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Castro pleads guilty, agrees to life in prison
Other headlines: Legionnaires' claims two more victims at nursing home; East Cleveland murder victim memorial service

Reporter / Host
Jeff St. Clair
  • Legionnaires' claims two more victims at nursing home
  • East Cleveland murder victim memorial service
  • Deal reached for defendant in Ashland enslavement
  • Haslam visits Browns training camp 
  • Class-action suit moves forward against Pilot Flying J
  • Castro pleads guilty, agrees to life in prison 
    Ariel Castro, accused of kidnapping three women, keeping them captive in his Cleveland home for about a decade and raping them repeatedly has agreed to spend the rest of his life in prison.

    The 53-year-old Castro plead guilty in exchange for dismissal of possible death penalty charges in Cleveland federal court today.  He was sentenced to life in prison without parole, plus 1000 years.

    Castro's trial was slated to start Aug. 5.

    His indictment had included two counts of aggravated murder related to accusations he punched and starved one of the women until she miscarried.

    The women escaped to freedom in May.

    Legionnaires' claims two more victims at nursing home
    Two more people have died at a Columbus area nursing home bringing the total to four fatalities and 35 sickened from an outbreak of Legionnaires’ disease.  

    The flu-like illnesses is caused by the Legionella bacteria in the water system. 

    The Columbus Dispatch reports that preliminary tests from the U.S. Centers for Disease Control found the bacteria in the facility’s air-conditioning cooling tower.  But health officials have not determined how people came in contact with the pathogen.

    Legionnaires’ disease is spread through infected water droplets and is not contagious between people.

    Deal reached for defendant in Ashland enslavement
    An Ohio man has pleaded guilty to charges he helped enslave and beat a mentally disabled woman and her daughter and steal her pain medication.

    Daniel Brown was among four people charged with targeting the woman in 2010 and holding her until October in a house in Ashland.

    Brown pleaded guilty Thursday in federal court to a single conspiracy charge as part of a deal that requires him to cooperate with investigators.

    Three other defendants have pleaded not guilty to charges alleging the woman was denied food, sexually assaulted and threatened with dogs and snakes.

    Prosecutors say the woman was hit badly enough to require a hospital visit for pain medicine, which the defendants took from her.

    East Cleveland murder victim memorial service
    Memorial services are being held today and tomorrow for the one of the victims of a triple murder in  East Cleveland. 

    The family of Anglea Deskins is asking activists to refrain from any rallies or protests during the memorial.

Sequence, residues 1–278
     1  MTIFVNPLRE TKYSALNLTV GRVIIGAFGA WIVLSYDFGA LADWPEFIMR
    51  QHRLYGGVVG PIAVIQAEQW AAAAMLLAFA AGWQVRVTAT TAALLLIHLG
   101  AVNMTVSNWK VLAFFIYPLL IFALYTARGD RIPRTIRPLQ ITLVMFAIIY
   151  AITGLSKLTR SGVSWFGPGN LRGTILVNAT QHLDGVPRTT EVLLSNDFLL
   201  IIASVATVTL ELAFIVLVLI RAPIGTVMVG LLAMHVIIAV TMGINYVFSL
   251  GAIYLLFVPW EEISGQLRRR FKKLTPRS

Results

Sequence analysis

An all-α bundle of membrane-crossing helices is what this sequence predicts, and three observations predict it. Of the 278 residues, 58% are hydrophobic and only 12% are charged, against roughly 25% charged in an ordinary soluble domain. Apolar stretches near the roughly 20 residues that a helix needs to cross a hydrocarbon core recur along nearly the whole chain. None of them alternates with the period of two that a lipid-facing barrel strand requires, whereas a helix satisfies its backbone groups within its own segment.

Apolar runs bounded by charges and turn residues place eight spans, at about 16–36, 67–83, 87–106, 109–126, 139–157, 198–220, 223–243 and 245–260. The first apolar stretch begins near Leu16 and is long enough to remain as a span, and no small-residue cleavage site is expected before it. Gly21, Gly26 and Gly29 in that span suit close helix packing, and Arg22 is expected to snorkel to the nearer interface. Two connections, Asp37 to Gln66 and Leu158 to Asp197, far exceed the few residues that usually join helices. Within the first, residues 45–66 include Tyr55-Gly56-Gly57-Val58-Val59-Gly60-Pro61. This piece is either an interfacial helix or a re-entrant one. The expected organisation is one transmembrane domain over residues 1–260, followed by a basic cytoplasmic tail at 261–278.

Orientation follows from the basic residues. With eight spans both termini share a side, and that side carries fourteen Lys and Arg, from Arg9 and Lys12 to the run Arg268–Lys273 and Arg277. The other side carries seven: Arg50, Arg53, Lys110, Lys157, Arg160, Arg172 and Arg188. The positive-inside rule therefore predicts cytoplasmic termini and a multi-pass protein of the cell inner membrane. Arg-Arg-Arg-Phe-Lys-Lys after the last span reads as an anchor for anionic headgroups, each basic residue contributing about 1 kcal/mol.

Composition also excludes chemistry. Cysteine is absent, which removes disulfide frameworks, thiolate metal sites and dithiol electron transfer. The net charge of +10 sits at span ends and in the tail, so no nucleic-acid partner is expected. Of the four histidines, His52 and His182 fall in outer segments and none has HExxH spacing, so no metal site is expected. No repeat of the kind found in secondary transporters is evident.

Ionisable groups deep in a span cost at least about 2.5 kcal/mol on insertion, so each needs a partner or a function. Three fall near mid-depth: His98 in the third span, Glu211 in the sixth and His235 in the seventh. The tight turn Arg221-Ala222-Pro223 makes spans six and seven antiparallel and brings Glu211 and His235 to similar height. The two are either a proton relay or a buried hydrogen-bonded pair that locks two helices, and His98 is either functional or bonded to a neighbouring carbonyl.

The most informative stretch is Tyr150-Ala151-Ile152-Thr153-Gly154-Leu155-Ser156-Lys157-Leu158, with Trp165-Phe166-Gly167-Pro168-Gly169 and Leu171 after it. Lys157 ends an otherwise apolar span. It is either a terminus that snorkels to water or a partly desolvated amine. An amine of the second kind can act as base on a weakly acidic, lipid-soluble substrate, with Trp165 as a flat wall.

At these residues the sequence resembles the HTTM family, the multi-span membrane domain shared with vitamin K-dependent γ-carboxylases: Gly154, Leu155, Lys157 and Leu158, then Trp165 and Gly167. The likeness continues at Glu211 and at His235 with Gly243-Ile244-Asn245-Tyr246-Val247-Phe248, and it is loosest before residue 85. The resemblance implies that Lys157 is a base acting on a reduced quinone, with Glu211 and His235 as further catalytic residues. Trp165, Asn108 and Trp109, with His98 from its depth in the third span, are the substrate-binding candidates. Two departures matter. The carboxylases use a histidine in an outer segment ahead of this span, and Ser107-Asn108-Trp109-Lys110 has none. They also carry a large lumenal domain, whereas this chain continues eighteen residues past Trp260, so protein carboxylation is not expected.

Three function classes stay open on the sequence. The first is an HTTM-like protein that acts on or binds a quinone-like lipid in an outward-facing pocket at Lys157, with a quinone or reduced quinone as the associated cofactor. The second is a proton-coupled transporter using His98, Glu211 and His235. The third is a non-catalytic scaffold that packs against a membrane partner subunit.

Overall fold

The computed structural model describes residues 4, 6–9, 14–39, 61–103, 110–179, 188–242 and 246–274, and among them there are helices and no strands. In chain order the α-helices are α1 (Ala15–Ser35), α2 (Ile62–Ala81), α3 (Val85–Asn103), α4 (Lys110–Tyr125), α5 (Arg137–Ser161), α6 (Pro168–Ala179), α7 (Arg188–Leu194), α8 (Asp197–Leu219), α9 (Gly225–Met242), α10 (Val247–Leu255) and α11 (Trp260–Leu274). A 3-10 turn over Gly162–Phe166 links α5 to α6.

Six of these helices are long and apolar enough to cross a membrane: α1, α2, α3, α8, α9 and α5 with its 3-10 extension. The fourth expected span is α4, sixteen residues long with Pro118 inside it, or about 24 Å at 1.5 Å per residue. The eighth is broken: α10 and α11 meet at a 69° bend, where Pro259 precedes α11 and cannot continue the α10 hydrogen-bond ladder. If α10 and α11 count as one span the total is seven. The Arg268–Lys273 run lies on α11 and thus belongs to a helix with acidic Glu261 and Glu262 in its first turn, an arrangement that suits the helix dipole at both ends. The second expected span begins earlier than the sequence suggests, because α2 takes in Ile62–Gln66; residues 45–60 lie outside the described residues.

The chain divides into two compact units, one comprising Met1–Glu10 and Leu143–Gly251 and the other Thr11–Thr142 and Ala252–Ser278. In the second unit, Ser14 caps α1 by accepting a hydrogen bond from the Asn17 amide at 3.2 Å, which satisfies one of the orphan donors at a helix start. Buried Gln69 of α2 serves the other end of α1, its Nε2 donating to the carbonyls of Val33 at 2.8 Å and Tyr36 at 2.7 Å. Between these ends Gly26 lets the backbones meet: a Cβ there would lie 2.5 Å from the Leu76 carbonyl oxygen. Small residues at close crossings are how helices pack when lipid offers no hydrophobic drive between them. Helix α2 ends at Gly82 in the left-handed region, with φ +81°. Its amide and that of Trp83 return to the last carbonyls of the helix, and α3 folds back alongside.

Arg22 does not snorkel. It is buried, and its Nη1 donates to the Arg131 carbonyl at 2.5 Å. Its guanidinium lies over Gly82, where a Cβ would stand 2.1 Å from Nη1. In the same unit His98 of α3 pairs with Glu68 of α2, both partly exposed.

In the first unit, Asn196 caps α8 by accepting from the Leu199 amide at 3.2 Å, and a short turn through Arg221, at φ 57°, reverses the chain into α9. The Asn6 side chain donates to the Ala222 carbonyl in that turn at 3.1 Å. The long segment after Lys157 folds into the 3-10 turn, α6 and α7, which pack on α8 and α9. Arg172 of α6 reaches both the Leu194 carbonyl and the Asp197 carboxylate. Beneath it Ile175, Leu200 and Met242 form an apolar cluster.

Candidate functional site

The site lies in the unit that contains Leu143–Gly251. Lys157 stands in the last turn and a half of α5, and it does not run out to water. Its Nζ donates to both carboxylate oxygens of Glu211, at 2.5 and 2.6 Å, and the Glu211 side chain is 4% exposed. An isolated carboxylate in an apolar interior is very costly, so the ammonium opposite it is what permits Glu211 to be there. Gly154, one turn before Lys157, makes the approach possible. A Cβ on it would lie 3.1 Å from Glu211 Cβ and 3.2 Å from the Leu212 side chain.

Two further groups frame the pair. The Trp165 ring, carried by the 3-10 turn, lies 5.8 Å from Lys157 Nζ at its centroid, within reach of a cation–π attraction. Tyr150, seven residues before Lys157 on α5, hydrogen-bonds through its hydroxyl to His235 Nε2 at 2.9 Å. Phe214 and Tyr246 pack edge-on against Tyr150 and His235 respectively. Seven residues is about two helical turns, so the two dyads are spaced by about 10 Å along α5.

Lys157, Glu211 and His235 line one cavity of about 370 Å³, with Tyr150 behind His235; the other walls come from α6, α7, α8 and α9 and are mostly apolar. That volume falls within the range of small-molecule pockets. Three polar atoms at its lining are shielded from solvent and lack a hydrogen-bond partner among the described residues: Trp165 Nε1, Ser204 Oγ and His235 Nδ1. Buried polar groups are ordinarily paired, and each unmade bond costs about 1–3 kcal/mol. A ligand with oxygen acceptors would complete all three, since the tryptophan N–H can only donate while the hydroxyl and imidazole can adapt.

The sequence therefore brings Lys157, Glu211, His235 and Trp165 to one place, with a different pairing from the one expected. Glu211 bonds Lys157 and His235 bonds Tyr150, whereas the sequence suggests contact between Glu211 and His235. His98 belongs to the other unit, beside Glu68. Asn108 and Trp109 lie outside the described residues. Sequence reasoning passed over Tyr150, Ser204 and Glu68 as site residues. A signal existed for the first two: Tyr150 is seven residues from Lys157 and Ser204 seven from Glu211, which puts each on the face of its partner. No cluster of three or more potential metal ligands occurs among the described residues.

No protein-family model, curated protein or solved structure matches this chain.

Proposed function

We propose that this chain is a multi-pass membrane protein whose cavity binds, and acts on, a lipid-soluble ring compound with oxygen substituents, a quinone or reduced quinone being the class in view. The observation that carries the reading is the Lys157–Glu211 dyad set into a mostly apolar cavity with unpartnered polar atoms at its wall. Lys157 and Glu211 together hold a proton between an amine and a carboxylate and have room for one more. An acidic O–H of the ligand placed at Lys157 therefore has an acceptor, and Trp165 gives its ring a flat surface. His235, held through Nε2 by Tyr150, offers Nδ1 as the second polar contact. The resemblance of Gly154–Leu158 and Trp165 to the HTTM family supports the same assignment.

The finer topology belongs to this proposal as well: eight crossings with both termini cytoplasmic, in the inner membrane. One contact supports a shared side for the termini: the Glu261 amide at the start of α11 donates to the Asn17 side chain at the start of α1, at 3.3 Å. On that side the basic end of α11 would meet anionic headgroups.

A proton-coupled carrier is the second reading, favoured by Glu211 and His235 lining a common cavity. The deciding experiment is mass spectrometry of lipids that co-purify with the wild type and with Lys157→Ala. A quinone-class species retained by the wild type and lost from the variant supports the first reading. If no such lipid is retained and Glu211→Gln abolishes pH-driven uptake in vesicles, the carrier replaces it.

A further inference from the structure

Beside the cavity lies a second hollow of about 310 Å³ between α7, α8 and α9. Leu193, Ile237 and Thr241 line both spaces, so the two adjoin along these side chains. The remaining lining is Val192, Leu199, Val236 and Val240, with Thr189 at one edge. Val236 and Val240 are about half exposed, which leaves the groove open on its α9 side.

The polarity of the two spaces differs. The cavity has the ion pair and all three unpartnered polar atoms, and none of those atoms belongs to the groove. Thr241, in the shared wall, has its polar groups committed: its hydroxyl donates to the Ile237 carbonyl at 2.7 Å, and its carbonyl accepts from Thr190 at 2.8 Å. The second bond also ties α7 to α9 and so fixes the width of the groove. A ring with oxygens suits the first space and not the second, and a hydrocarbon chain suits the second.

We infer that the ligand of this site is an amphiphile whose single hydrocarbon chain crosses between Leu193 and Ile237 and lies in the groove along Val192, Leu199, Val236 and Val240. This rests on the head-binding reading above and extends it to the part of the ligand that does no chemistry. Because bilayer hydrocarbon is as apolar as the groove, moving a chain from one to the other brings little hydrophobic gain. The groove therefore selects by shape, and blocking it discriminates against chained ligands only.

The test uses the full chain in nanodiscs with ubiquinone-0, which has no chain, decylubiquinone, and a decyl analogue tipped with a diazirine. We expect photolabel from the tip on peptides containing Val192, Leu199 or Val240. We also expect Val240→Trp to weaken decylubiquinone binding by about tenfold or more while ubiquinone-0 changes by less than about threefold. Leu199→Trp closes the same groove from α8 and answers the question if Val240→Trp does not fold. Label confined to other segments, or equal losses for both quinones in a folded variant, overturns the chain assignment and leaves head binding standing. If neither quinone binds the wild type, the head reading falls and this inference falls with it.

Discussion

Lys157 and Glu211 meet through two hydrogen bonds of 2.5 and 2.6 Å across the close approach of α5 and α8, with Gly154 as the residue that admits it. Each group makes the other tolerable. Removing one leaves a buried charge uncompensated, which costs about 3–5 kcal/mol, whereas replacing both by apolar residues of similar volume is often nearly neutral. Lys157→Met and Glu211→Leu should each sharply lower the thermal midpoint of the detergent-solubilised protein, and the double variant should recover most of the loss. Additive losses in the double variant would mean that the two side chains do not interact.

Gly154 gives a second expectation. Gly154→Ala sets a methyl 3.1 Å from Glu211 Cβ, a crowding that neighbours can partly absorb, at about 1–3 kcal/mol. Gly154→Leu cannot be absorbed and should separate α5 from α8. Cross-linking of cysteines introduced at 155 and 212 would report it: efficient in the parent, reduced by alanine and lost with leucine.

Police have charged 35- year-old Michael Madison with three counts of kidnapping and aggravated murder. He's being held on $6 million bond.

    Haslam visits Browns training camp 
    Browns owner Jimmy Haslam says he's "very optimistic" about the outcome of a federal investigation involving his family's truck-stop chain.

    Speaking to reporters as the Browns opened training camp, Haslam said he has been in "constant contact" with the NFL since the fraud probe began in April at his Flying Pilot J business. Haslam said the league has been supportive during the investigation.

    Haslam recently reached a settlement to reimburse customers who were cheated out of fuel rebates.

    Haslam said the investigation has not been a distraction in rebuilding the Browns and he denied there were any problems with his cash flow, citing a recent renovation of the team's headquarters and plans to renovate FirstEnergy Stadium.

    Haslam said he's excited about the upcoming season, but cautioned Cleveland fans to be patient.

    Class-action suit moves forward against Pilot Flying J
    A group of trucking companies wants to move ahead with lawsuits against the truck-stop chain owned by Cleveland Browns owner Jimmy Haslam and Tennessee Gov. Bill Haslam.

    Attorney John Walker told a panel of federal judges in Portland, Maine, on Thursday that last week's class-action settlement with Pilot Flying J over fuel rebate fraud claims was a surprise for the companies that weren't involved in the negotiations. Those nine companies aren't interested in the settlement and instead want to consolidate their cases, preferably in Mississippi.

    Pilot and the trucking companies that negotiated the settlement have asked the U.S. Judicial Panel on Multidistrict Litigation to put the other lawsuits on hold. Attorney Don Barrett argued that consolidation in Mississippi could delay payments to the companies that want to take the settlement.

    Two indicted in 2010 death of Chardon teen
    Authorities say two northeast Ohio men have been indicted in the 2010 slaying of a 17-year-old boy.

    The announcement by Geauga County officials Thursday came three years to the day that Daniel Swan's body was found bloodied and unconscious in the middle of road northeast of Cleveland. He died three weeks later.

    Indictments were issued for 26-year-old Dustin Plottke and 23-year-old Matthew Boone. Geauga County Sheriff Dan McClelland said they killed Swan in a "random act of violence" after finding him walking home along a road.

    The sheriff's office got a break in the case when one of the suspects was arrested recently for an unrelated crime. During the investigation, detectives found evidence that linked them to Swan's death.

    There was no attorney information available for the suspects.

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